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Five For The Record: 1982 Fleer.

A recurring feature in which I take something I enjoy but have not thought deeply about, and force myself to state five reasons why I like it.

Today’s subject: Set of 660 Major League Baseball cards, issued in 1982, recognizable for its lozenge-shaped front identifier box. Fleer and Donruss broke Topps’ 25-year monopoly on MLB card sets in 1981; this was Fleer’s second year of competition.

A couple of weeks ago (not gonna go look it up), I mentioned I’d gone on a binge on a website that sells common baseball cards for a dime apiece. This is almost certainly more than what they’re worth, or will ever be worth. But no matter — it is at once a tycoon’s pleasure and a spendthrift’s joy to go buy a pile of 100 cards and be out $10 (plus modest shipping).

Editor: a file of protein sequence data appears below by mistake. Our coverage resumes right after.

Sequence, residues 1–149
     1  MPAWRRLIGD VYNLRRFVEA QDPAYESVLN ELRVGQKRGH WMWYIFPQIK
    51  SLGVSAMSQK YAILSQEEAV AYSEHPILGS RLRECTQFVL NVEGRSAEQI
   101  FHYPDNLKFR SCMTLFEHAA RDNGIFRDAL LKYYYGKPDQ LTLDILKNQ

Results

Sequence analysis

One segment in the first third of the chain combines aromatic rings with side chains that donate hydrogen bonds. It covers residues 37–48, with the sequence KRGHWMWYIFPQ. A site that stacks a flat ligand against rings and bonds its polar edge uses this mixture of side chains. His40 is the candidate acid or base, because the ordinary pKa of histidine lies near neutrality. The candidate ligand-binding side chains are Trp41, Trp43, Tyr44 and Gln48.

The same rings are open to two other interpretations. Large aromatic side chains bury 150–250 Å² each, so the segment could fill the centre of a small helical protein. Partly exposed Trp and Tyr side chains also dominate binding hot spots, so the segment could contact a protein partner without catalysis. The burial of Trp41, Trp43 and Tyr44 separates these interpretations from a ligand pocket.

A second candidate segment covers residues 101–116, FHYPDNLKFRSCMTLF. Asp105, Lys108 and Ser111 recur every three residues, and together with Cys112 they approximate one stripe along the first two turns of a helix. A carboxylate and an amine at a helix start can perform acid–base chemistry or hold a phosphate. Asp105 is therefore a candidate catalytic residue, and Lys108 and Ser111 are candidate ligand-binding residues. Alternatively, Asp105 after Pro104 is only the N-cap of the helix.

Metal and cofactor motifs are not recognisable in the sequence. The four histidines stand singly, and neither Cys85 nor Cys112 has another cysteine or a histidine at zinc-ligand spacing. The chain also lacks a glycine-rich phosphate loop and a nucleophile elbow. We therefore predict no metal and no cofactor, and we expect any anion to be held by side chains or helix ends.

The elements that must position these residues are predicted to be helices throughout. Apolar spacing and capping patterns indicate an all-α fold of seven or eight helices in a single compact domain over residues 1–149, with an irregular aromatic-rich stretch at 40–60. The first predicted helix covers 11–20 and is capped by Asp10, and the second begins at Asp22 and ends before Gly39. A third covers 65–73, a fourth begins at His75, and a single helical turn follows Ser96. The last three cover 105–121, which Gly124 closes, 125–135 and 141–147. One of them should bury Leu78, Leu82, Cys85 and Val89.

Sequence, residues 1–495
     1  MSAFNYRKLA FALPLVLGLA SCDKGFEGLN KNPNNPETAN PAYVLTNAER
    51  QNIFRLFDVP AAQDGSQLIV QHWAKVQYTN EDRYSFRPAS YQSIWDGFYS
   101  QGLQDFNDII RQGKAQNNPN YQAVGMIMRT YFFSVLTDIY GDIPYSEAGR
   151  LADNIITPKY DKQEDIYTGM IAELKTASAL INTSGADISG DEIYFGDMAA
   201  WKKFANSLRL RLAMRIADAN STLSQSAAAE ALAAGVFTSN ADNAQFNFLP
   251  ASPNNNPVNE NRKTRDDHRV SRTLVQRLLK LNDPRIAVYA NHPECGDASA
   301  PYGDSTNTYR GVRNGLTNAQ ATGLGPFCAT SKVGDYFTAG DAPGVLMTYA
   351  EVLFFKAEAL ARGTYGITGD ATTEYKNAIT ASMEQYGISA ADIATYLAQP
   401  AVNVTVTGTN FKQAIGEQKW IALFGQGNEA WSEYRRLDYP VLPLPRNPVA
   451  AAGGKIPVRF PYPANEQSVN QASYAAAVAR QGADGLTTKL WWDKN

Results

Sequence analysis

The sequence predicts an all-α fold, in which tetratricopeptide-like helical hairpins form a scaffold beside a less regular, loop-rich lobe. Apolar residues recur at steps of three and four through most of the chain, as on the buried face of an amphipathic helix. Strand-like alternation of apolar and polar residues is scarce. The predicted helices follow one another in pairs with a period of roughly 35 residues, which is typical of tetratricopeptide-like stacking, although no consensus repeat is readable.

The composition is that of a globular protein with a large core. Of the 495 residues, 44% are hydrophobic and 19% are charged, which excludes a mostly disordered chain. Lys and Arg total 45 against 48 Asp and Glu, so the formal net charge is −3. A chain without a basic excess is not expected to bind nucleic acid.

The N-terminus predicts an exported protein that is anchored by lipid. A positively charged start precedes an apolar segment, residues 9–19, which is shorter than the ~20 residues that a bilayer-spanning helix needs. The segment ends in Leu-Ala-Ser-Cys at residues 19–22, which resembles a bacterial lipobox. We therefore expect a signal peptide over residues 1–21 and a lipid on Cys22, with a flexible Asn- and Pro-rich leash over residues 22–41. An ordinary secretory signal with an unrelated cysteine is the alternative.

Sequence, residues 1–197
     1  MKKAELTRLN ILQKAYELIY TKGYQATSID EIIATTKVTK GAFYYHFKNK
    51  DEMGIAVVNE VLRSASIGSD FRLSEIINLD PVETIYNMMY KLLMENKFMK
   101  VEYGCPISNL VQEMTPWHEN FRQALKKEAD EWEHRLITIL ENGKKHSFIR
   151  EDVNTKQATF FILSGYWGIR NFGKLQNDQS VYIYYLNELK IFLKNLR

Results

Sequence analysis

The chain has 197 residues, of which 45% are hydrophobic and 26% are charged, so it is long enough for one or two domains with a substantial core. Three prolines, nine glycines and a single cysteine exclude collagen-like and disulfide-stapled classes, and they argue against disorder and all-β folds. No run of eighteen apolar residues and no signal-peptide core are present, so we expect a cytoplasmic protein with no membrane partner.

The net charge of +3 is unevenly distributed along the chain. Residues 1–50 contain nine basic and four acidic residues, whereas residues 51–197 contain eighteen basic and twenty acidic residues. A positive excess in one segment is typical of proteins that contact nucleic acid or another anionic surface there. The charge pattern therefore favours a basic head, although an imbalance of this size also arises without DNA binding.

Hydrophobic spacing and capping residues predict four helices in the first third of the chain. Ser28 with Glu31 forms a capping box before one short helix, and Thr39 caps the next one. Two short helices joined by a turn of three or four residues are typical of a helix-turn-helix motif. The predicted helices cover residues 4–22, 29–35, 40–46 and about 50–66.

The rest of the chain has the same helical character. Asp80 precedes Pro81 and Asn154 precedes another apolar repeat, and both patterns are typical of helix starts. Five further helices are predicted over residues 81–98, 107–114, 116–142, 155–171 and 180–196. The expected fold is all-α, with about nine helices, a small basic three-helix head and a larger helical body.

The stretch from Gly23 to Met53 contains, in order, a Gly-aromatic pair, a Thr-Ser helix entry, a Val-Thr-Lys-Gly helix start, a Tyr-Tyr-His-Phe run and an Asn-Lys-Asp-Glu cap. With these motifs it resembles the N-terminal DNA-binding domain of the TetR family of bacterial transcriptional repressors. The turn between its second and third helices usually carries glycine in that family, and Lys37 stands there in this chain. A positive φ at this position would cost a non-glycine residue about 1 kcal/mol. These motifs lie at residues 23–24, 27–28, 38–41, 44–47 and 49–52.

A couple packs of 1982 Fleer made their way into my hands when they were fresh on the shelf, back in the day. And when I saw a pile of cards from that set listed on the site, I had to add a bunch of them to my cart.

I’ve always liked the lozenge design, and I’m charmed by the low-rent nature of the set. A lot of the pictures are just on the wrong side of fuzzy, or oddly cropped, or only passably well-lit, or capture the subject in an unappealing pose. But I’ve warmed to that.

It’s more approachable than big professional Topps — it looks at some points almost like a minor-league set, with the attendant warmth.